Now even more locally, some of the first work I was involved in when I moved up here to Queensland over at the Queensland Brain Institute, there’s a researcher there Srinivasan, who’s one of Australia’s leading professors in bees. Right now, there sending bees, but Srini was interested in adapting those kinds of the ideas and the way that bees work, right since the world and make decisions as such into, I don’t think that for unmanned autonomous vehicles, right? So can you create like a bee brain to fly a plane.  And they did exactly that, you know, using principles from the ways that bees navigate. So bees sense polarized light and they did experiments. They’re on actual bees to have them navigate through tunnels, change, change the grading on the side of the tunnels into certain kind of patterns that would trigger certain kind of polarized response and then use that to prove that yes, you know bees are sensing polarized light, but then went so far as worked with the engineers to adapt those basic biological mechanisms to try and embed that as advances in technology.

So, you could create like a self-righting plane or something like that based on, you know, certain kinds of advanced sensors. Uh, another example of this was a new camera that we’re playing around with, which was based on the actual, you know, the biological eye. Our eyes don’t sense the world in frames, so photography is based on, and our videos are based on a frame-based logic where you’re taking a complete scene of information. You take one picture. You take another picture and our eyes kind of do the work of blending the scenes together. Our eyes though, work in a very different way in that they sense change. So, when we’re sensing, uh, seen, our eyes are kind of always moving, and what they’re looking for is scanning a room for movement and change in kind of a background scene, you think about the biological beginnings of this right? If you’re down by a water hole you wanna sense the lion kind of stalking you from behind so you don’t get eaten and so there’s a whole new kind of camera out there which is developed around this principle.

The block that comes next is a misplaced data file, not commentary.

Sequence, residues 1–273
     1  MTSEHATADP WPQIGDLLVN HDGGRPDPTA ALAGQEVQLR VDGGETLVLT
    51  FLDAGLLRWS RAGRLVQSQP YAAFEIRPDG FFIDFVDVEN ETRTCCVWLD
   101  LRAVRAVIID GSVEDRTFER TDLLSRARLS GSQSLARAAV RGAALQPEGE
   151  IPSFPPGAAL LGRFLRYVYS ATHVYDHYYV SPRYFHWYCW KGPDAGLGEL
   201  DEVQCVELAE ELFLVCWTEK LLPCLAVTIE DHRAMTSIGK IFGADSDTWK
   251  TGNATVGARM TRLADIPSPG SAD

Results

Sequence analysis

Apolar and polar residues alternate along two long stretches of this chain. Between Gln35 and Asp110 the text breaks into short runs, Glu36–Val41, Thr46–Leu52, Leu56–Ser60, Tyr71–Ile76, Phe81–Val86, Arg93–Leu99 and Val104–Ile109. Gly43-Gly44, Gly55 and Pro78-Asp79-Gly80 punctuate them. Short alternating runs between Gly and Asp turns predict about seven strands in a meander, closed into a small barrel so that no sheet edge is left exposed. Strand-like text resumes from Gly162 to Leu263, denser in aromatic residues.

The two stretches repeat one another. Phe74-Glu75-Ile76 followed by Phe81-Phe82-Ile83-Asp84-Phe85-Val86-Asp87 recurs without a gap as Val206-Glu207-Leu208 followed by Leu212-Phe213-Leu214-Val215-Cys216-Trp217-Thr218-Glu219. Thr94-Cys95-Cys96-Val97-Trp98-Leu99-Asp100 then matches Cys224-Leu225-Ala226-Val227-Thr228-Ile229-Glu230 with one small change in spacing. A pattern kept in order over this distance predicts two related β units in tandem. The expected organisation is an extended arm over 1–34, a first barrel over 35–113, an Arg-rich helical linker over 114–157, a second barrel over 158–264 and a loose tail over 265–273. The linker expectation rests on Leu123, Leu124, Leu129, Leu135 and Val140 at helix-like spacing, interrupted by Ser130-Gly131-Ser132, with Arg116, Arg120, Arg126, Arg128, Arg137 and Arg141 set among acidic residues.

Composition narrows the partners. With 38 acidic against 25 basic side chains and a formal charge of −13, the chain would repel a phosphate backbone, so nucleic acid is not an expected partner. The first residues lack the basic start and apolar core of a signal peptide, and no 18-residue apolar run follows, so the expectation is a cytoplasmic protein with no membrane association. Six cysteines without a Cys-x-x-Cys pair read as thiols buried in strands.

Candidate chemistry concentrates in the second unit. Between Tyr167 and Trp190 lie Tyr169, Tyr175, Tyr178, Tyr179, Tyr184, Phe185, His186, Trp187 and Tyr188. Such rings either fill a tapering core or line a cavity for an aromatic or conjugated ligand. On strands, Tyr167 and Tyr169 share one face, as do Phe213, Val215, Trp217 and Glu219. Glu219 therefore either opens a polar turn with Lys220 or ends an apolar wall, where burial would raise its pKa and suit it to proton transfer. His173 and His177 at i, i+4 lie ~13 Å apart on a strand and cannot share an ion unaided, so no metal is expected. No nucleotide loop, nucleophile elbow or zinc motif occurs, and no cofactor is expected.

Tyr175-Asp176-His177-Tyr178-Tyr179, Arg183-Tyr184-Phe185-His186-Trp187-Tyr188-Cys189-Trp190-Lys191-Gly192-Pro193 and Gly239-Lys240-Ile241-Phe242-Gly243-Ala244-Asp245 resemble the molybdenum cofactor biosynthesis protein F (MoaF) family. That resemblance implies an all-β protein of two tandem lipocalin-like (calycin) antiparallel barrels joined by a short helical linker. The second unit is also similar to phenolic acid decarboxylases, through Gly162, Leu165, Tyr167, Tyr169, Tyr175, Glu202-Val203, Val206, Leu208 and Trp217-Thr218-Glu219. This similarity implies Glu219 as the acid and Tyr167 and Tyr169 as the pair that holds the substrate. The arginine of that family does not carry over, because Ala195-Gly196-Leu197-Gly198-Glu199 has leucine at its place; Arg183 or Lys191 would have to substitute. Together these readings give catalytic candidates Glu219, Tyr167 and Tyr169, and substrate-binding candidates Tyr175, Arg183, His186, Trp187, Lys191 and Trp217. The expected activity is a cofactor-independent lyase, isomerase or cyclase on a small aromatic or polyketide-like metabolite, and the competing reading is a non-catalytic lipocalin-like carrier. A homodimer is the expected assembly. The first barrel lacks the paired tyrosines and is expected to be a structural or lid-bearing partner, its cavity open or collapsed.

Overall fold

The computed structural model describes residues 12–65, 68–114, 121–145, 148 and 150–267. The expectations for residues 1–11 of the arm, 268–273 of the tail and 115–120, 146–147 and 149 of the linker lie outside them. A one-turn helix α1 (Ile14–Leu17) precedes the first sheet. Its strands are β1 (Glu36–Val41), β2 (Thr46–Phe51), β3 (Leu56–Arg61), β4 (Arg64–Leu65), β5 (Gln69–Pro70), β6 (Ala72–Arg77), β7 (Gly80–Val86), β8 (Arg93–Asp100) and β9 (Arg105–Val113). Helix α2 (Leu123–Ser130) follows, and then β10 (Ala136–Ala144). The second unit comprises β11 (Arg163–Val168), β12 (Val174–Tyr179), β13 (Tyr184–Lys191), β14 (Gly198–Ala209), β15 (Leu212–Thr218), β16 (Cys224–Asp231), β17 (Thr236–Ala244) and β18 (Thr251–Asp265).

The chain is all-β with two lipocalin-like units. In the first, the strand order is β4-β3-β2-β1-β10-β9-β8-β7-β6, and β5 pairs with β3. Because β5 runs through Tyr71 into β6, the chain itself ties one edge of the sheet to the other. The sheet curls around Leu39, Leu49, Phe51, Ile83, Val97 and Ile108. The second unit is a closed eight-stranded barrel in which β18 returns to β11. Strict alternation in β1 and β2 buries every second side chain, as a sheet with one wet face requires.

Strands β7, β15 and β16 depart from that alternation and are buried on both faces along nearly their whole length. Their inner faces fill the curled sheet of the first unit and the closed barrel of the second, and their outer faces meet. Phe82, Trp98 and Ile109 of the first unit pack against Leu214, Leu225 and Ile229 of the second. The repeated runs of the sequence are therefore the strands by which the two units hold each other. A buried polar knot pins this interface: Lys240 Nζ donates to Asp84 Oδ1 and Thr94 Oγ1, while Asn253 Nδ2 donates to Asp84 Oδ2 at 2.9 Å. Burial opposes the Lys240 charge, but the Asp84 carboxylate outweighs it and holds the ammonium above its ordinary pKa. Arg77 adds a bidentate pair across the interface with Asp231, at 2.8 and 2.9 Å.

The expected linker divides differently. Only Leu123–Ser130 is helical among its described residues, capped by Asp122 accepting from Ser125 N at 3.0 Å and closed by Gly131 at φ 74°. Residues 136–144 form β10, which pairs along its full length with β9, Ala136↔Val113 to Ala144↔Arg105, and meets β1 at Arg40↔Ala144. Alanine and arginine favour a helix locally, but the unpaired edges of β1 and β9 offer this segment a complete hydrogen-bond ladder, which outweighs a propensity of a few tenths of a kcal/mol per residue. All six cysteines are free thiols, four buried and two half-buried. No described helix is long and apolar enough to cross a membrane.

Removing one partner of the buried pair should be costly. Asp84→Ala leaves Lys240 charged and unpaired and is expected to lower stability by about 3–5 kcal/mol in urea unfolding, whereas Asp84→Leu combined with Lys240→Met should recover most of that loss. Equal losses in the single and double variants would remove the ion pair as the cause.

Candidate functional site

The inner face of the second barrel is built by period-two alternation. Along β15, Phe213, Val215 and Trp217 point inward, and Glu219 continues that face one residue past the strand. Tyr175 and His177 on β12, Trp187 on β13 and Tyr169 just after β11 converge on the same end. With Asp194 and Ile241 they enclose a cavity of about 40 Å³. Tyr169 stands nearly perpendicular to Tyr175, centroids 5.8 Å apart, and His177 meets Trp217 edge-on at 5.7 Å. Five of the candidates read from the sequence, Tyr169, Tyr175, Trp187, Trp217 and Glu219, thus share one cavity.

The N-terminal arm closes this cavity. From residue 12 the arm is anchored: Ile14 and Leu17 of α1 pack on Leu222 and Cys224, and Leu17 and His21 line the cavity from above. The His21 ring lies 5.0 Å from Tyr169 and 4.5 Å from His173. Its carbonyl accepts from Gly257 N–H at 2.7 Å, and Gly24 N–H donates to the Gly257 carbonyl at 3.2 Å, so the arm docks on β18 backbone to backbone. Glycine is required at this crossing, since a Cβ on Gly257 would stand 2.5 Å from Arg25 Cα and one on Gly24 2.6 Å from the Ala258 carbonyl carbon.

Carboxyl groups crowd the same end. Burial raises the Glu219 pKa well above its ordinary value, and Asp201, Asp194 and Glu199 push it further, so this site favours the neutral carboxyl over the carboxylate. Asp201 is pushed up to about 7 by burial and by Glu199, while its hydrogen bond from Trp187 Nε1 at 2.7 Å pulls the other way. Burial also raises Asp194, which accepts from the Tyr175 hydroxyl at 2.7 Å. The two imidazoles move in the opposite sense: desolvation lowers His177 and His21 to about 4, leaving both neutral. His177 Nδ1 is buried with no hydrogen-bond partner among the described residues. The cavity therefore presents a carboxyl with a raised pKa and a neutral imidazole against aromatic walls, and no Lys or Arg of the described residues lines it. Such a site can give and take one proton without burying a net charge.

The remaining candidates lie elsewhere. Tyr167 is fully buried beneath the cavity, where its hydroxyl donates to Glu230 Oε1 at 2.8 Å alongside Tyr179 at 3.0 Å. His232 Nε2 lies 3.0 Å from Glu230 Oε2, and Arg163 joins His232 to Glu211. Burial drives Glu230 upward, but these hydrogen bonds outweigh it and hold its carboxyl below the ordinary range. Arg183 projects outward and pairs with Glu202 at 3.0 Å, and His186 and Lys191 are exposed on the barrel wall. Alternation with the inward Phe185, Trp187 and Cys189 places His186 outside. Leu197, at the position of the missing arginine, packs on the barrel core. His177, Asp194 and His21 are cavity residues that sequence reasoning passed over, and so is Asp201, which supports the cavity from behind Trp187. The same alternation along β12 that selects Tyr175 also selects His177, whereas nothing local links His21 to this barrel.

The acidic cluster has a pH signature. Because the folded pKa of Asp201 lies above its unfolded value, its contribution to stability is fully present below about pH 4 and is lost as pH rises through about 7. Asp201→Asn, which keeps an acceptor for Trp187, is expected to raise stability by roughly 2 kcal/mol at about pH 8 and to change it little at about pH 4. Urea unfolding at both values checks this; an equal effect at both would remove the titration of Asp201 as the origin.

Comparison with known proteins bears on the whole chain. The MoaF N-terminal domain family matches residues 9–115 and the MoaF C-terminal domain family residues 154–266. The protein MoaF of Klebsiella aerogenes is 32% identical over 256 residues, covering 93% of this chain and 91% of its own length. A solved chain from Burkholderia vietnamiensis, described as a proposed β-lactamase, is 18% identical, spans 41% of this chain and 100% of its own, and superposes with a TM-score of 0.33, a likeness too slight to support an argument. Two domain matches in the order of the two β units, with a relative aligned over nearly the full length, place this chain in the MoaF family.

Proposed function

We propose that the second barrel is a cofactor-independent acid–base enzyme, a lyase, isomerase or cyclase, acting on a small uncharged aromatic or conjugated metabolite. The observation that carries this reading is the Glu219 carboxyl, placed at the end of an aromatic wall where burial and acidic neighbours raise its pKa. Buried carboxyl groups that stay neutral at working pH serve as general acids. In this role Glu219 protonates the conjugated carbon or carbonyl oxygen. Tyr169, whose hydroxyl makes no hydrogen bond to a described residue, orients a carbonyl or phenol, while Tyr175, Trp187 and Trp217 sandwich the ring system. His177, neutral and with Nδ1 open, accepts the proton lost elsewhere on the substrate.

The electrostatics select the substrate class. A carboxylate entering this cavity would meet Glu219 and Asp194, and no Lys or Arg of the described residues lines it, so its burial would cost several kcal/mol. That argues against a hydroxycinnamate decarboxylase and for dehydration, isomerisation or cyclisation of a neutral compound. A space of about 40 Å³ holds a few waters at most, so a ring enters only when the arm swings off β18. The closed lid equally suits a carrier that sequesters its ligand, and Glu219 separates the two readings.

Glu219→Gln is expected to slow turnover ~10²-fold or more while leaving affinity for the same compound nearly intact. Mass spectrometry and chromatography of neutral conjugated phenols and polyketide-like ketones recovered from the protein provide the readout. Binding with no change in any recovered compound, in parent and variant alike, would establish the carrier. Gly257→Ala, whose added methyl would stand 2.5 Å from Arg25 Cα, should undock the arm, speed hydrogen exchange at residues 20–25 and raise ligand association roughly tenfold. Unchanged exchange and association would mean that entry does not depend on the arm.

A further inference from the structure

So rather than sensing an entire scene at once, it’s got a bunch of sensor array that is just there to pick up change and if you connect this to an actuator, like an eye that moves back and forward, it’s a very informational like informationally efficient way to create some kind of an eye in say a robot because you’re not having to deal with massive detail in huge frames, it’s kind of automatically getting you the most relevant information about where edges and such, of objects might exist because it’s based on this idea of change in the scene. So yeah, it’s these kinds of ideas, and I’m fascinated by it about translation of what I guess you know millions of years of evolution have kind of delivered us in learning from that to adapt into our own processes to do anything from help design better drugs to be able to create more efficient transport networks through to help organize the world’s information. You know whatever it might be, I think that’s the promise of it. But I guess with ADMS we’re also interested in when those things can do potential harm, right? So, where those systems, those I think systems of beauty right maladapted, right?

And that for me I think is the personal stake here with the admin is that as someone who really and kind of really drank the Kool aid earlier. I think as a young undergrad when I started learning about this and thinking, yeah, this is amazing I want to dedicate my life’s work to this ’cause it’s so cool and then later on because I made the jump to humanities, seeing the other side and kind of hearing from the others about the harms and the  ways, it’s not being done well that it’s creating power imbalances and wealth inequality and it’s harming our environment and  these, and I think no we’ve got to do better because I think we need to truly embrace you. Know that story of that. These things have come from a long line of evolution, and we need to tread mindfully through that.

Kathy: So it turns out that nature has inspired the design of many algorithms and mathematical solutions to complex problems. Thank you for talking with us today Dan.

Dan: That’s fine, anytime.

Kathy: You’ve been listening to a podcast from the ARC Centre of Excellence for Automated Decision-Making and Society. For more information on the Centre go to www.admscentre.org.au